The 2012 Garden Awards

As the fall begins, I’ve been thinking back on the summer’s garden and all the successes and disappointments it brought. I’ve changed my fall planting plans after a drought set in in August; I plan to just put in cover crops when the summer crops wind down, and start planning for next year. So this seemed an appropriate moment to dole out some “awards” to the best plants, processes, and products in my garden this year.

Best product: Serenade

September tomato picture

Still harvesting Cherokee purples well into September…don’t these look scrumptious?

I only used one real garden product this year, so it’s not really a contest, but even among a greater number of contestants Serenade would have come out as the winner. The bane of local tomato gardeners’ success is often leaf blight, and this spray product’s main ingredient is living Bacillus subtilis, a soil-dwelling bacterium that controls leaf blight, black mold, powdery mildew and many other diseases. I didn’t find out about it until late July, but with fairly regular removal of diseased leaves and spraying of healthy ones, I’ve extended my tomatoes’ life span and productivity considerably!

Overall success: Melons
Perhaps my criteria are not what they should be, but I’m recognizing my two canteloupe plants as the biggest overall victory because I stuck them in the ground and ignored them. They proceeded to overgrow the garden and put out at least 20 delicious sweet orange fruits that we’re still enjoying, and I had to do basically nothing except prop the fruits up off the ground, and remember to harvest them before the bugs claimed them. Hooray for little work and big rewards!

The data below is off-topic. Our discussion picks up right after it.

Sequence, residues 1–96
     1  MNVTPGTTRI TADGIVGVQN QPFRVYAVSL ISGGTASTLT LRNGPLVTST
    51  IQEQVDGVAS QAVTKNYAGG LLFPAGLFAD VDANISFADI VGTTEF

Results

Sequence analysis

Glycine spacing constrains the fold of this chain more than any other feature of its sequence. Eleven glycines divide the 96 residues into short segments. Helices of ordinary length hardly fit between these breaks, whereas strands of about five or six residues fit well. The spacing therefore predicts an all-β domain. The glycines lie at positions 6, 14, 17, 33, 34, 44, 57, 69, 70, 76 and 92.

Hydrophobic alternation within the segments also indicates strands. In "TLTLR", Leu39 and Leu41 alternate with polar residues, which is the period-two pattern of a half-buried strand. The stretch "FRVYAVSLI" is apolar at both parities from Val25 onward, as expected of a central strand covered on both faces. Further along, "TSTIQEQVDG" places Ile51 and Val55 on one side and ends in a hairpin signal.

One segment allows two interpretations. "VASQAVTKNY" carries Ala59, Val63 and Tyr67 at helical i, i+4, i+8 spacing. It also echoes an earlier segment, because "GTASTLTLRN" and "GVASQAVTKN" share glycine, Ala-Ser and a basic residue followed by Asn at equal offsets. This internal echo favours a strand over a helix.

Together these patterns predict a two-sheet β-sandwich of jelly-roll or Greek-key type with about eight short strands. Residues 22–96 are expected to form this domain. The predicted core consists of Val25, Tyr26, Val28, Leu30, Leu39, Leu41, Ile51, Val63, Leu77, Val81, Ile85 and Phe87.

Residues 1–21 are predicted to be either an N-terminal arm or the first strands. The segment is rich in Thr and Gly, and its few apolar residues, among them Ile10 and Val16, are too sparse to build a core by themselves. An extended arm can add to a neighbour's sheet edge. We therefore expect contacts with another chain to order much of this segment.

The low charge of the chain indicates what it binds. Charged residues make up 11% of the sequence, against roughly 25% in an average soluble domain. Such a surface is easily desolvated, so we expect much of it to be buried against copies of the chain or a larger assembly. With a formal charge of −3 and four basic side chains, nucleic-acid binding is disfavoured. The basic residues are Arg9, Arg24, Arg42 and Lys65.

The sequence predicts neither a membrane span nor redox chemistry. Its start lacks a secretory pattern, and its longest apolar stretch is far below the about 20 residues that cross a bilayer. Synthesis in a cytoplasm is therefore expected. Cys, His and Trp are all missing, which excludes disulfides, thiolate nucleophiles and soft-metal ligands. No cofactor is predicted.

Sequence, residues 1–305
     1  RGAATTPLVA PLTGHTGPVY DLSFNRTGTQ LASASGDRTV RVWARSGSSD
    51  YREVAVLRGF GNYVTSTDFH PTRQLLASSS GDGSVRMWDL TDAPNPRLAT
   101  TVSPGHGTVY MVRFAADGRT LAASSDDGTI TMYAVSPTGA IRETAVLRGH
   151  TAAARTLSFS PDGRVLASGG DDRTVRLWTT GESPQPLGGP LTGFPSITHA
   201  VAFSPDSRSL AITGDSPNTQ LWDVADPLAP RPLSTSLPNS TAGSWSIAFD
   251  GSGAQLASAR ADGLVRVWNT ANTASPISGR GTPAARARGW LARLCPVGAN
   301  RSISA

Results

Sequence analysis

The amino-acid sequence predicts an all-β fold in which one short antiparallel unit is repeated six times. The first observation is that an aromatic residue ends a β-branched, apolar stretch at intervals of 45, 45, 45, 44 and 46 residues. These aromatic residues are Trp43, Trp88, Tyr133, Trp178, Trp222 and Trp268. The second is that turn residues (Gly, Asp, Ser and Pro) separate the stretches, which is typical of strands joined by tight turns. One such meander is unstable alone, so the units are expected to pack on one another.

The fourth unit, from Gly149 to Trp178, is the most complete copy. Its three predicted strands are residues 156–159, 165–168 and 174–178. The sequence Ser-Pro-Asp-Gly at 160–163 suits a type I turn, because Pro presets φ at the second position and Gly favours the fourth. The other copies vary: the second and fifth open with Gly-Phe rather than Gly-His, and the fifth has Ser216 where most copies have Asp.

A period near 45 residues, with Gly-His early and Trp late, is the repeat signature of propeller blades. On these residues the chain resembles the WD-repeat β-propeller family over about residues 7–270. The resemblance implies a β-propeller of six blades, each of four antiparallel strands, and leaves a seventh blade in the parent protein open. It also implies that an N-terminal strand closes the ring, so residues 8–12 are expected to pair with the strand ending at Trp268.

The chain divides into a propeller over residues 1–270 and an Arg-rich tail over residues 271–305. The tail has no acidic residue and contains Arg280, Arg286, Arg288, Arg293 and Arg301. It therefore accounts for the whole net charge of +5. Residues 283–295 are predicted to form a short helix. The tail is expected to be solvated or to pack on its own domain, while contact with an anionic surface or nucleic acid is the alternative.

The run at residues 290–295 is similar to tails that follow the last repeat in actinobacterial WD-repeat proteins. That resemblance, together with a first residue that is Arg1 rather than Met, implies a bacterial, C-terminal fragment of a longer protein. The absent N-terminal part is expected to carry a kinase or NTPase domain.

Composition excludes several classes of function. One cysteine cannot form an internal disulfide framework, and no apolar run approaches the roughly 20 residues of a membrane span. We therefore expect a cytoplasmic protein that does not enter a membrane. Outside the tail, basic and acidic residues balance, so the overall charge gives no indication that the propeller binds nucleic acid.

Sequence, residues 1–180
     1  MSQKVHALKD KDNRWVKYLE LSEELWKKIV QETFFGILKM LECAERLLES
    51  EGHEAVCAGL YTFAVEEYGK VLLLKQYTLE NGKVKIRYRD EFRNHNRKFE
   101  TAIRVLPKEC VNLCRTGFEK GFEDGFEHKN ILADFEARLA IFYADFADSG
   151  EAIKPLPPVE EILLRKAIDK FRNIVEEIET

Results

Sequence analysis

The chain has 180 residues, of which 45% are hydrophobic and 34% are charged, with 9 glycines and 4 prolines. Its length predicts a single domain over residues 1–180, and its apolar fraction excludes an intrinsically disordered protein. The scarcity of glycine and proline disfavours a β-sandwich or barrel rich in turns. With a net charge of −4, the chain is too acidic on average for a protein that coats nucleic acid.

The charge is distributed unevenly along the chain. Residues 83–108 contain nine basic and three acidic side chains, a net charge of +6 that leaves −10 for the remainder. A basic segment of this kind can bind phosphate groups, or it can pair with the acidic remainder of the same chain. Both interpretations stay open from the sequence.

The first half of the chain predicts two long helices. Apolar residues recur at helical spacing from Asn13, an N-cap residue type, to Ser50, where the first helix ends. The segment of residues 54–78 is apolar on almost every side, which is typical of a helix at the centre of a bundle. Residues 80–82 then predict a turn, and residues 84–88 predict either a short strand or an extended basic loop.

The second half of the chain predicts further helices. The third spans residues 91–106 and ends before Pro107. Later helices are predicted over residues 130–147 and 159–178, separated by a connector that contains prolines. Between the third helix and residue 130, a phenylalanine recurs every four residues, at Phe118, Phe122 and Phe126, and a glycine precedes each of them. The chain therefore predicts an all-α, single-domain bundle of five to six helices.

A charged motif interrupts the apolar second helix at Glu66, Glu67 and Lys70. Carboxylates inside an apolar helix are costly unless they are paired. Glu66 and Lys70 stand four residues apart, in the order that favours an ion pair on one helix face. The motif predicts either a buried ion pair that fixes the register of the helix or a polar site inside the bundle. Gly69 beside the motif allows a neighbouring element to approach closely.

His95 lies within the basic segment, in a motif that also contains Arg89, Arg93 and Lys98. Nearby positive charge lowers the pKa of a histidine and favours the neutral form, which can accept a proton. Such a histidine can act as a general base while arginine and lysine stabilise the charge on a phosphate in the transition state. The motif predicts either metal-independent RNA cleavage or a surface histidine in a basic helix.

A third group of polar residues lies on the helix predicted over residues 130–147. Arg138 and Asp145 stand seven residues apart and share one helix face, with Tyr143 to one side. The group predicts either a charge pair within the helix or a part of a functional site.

Surprise comeback: Jalapeños

September jalapeno picture

Surprise! The jalapeño plants I had written off were revealed under a tangle of canteloupe vines, and are now bearing a crop of juicy spicy goodness.

I don’t think I ever blogged about this, but lo and behold, about 3 weeks ago, I discovered that the tiny little yellowing seedlings I had written off as being goners in the early summer had, under the secret cover of criss-crossing canteloupe vines, been developing into healthy green plants with plenty of peppers for picking! This picture is from late September. We foresee zesty salsa in our future.

“All frills, no thrills” award: Pumpkins

Pumpkin flower - September

Pumpkin flowers are flashy, but without fruit? A little frustrating.

It was fun to watch the endless vines of soft green leaves spill out of the garden bed and go rambling off into the woods. However, either the flowers never got pollinated, or something else went wrong with the plants’ development, because none of the flowers ever developed into fruits. Any tips on pumpkin pollination would be greatly appreciated!

That’s all for now. I may do “round 2” of awards if I am so inspired. What awards would YOU give for your garden this year?

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